Back in Florida next week...


JREF YOUTUBE UPDATE - by Rich Montalvo

We've had an enormous amount of good response to the official James Randi Educational Foundation YouTube channel, which you can visit here. Our numbers speak for themselves. Total video views since we started promoting the channel are at 64,016. For those of you that have YouTube usernames we invite you to subscribe to the channel so you get daily updates of the latest videos we post.

Our DVD library at the JREF is currently at 362. I am dedicated to loading at least 1 of those DVD's to the YouTube channel each day. Some of these videos are far longer than the YouTube 10 minute limit so you will see these videos in more than one part. Once all the parts are loaded I arrange them into playlists and three of those playlists can be seen directly on the front of our YouTube page. Currently we have a total of 11 playlists ready for viewing and you can go directly to the playlist page. The most popular playlist so far is "The Power of Belief" with John Stossel and James Randi which is the video shown here. →

Lastly don't forget to leave your comments on the videos. I do read each and every single one of them. Sometimes to censor them but mostly to see what everyone thinks of the videos. Suggestions are also appreciated so let me know what you all are liking and or not liking.


This is the last chance to join us on the Galapagos cruise August 8-18. We have two cabins left, and they must be booked by May 1st. We expect them to be filled very soon, so if you're thinking about coming, don't delay.

We have two new celebrity guests joining us. George Hrab, one of our TAM 6 guests, will be bringing his humor, wit, and guitar with us, and he's agreed to spontaneously break out into song at our request. Also joining us will be Anneke Rudegeair, better known to the podcasting universe as "Soccergirl." Anneke is a unabashed skeptic, freethinker and atheist. Her show "Soccergirl Incorporated" has a huge following, and can be found at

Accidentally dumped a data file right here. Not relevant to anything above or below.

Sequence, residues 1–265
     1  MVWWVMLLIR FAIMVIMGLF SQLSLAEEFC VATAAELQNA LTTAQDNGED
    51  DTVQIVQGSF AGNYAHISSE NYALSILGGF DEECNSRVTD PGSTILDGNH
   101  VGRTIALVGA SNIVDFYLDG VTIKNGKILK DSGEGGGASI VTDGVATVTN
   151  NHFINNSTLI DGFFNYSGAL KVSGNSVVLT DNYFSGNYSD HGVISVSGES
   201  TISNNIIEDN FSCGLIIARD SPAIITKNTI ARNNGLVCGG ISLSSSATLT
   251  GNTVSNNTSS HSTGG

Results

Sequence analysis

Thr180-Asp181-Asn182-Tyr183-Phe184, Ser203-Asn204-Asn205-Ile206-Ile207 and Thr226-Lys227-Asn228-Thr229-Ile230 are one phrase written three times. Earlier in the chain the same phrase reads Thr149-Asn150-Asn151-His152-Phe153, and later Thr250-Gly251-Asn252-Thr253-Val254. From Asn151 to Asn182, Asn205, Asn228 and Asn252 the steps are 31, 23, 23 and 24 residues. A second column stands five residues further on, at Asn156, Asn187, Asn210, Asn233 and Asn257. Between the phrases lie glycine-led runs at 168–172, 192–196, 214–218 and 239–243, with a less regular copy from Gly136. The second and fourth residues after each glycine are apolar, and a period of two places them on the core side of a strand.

This is going to be a truly "Amaz!ng" adventure. Visit for more information.


Slammer Yes, we're doing it again. During this year's TAM, 12 lucky winners will be having lunch at Penn Jillette's infamous Slammer: a home like no other. To view the eBay auction, visit Penn's home in Las Vegas has quite a few "unique" features such as a guard tower, a goldfish cracker shaped pond, and a mantis alien hovering over the staircase. There's also a working fire pole, and a secret room with some very shocking surprises. Rumor has it that the hot tub has a special patented feature as well.

This is a very rare chance to tour the Slammer without being incarcerated. Don't miss out! Bid today!

UFOS ARE REAL! by Jeff Wagg

Yes, that's right. I'm telling you this right now... UFOs do exist. I have seen one. I believe in UFOs.

I was on a night flight, looking out at the glow of the rising sun. This is a truly beautiful experience, even for a non-spiritual entity such as myself. I noticed a large white light in the sky. It was extremely bright... brighter than any star (save the sun) and I thought it curious. Then, while I was watching, it started moving. It dropped straight down in a nearly straight line. As I sat amazed, it stopped.. and then zoomed back up again! I know of no Earthly craft that could move that way. I was baffled.

And then I realized something. I was slouching in my seat, and I could not see the ground. I had no frame of reference. When the object zoomed back up, it was significantly to the right of its original position. The solution was simple... the plane had banked briefly to change course slightly , and the object I was observing, was the planet Venus.

Of course, most of you knew that I meant the literal definition of Unidentified Flying Objects, and of course they're real. "Unidentified" means simply that… the viewer doesn't know what it is. In this case, the object wasn't flying at all, but Venus remains one of the most common objects to be mistaken for something "other worldly." On second thought, I guess it is just that.